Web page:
The artist explains that his work focuses on "subverting objects, meanings, and realities to generate new experiences or situations."

His anatomical study of the moulded plastic elbow of a Playmobil figure responds to its lack of power. By breaking the figure's arm, he creates an elbow and the possibility of freedom of movement, but the figure ultimately loses its power of stability by doing so.

Your Freedom Ends Where an Other Man's Nose Begins (September 2017) by AmpparitoNuart

Ampparito notes that this work is also a response to the proverbial expression that "your right to swing your arms ends just where the other man's nose begins."

The Observer (September 2018) by SkurkNuart

Skurk (NO)

The Observer

Bergen-based Skurk created "The Observer" for Nuart in 2018.

The mural plots the average global temperature back to the eighties alongside a quote from Donald Trump dismissing global warming as a threat to humanity.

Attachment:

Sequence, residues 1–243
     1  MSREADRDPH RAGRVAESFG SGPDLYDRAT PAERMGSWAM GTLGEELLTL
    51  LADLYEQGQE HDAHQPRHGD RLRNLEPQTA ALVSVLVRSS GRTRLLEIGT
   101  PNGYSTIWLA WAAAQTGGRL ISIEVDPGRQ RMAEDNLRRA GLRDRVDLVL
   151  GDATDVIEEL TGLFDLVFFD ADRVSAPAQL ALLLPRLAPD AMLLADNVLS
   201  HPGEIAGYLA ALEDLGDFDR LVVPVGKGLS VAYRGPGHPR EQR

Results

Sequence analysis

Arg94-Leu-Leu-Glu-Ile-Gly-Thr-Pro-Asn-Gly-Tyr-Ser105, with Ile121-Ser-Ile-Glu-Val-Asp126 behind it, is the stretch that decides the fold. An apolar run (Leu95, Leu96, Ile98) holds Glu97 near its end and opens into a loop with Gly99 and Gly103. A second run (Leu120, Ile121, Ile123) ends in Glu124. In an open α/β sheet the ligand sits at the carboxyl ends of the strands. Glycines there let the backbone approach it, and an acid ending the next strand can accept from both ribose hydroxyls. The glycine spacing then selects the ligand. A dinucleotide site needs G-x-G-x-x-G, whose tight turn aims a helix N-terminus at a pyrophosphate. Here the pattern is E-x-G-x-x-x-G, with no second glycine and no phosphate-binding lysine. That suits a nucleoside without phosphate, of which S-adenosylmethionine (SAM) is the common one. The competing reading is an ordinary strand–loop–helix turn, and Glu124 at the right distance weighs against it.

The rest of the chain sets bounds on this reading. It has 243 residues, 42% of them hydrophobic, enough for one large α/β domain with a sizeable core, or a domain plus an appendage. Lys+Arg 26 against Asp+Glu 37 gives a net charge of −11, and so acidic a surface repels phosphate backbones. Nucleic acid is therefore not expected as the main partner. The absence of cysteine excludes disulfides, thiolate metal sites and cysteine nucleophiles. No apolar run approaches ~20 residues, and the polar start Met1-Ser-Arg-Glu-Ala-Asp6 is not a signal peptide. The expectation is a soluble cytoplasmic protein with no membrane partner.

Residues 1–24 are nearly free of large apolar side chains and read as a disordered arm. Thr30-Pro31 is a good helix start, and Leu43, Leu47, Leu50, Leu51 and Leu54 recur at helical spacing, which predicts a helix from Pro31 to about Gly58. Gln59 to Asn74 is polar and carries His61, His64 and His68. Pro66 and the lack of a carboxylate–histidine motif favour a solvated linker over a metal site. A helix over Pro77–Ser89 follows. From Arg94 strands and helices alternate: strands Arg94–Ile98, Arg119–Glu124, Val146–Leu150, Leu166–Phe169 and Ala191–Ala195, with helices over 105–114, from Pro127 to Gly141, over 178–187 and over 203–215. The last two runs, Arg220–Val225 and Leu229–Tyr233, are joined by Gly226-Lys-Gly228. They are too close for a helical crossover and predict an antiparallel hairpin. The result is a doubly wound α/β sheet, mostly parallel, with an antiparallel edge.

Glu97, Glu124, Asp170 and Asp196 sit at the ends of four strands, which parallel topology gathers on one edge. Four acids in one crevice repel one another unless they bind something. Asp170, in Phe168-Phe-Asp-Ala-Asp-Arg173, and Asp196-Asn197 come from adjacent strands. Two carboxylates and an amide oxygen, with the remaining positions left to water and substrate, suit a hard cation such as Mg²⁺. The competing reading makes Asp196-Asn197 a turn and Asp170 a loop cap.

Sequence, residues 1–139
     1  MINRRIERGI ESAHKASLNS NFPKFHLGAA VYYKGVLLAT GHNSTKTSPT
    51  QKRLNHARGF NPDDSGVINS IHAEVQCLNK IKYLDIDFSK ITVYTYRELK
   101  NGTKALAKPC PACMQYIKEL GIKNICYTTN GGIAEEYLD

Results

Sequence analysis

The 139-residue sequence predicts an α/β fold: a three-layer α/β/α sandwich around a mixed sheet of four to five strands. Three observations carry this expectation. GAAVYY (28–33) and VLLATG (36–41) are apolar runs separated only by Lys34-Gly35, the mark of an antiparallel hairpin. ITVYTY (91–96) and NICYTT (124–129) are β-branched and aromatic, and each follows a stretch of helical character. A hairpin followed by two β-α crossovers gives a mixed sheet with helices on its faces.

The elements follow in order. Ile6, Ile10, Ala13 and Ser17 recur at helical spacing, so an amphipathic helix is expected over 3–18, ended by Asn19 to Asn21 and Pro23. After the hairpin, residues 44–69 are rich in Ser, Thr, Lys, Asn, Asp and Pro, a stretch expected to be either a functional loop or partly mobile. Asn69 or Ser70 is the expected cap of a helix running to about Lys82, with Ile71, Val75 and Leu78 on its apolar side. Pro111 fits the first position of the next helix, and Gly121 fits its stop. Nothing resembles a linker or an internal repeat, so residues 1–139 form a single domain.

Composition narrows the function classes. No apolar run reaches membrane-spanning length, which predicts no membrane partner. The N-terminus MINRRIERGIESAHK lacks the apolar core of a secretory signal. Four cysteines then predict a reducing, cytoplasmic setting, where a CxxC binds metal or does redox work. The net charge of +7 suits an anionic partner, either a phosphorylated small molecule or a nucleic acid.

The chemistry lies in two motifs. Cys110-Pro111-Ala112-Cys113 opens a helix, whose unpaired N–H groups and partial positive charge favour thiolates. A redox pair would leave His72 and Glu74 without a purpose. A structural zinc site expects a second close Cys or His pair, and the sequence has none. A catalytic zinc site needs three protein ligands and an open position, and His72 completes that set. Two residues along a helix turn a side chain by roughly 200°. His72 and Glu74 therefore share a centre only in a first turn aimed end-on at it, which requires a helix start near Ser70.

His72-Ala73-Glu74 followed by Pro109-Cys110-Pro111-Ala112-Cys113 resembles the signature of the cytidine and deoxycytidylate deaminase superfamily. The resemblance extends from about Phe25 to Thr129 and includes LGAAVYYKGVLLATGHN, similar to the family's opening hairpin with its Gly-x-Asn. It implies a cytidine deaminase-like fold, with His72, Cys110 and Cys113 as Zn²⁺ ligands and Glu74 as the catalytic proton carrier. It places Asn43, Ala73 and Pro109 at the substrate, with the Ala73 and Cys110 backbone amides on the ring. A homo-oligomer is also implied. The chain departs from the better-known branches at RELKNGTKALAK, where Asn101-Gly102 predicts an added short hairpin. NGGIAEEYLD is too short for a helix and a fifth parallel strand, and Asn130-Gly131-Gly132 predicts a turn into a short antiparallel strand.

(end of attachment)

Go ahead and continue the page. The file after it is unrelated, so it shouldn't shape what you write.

Each tree ring represents a year, and within each work lies a hidden message that relates to a significant event or events that occurred during that tree's lifetime. 

The rise in average temperature may seem insignificant when viewed from year to year but added together; the differences make an impact.

Poppies (September 2017) by Slava PTRKNuart

Slava Ptrk (RU)


Taking inspiration from the absurd and ironic, Russian conceptual artist Slava PTRK produces site-specific work in various media.

For this mural, the artist painted a girl picking poppies on the side of the hotel Havly in central Stavanger.

In addition to his artistic practice, Slava Ptrk co-founded the street art gallery Sweater in Yekaterinburg, Russia, after graduating from Shadrinsk School of Arts in Yekaterinburg.

He also curated Stenograffia, an international graffiti festival held annually in Yekaterinburg and edited Stenograffia’s online publication about graffiti and street art.

Russian Street Artists are generally under-represented in the culture, something Nuart is always actively working to improve.

A Clear View + A Clear Mind = A Green World (September 2017) by John FeknerNuart

John Fekner (US)

A Clear View + A Clear Mind = A Green World

John Fekner is best-known for his series of environmentally conceptual works consisting of words, symbols, and dates spraypainted throughout the five boroughs of New York in the 1970s. He is regarded as a pioneer in street art culture.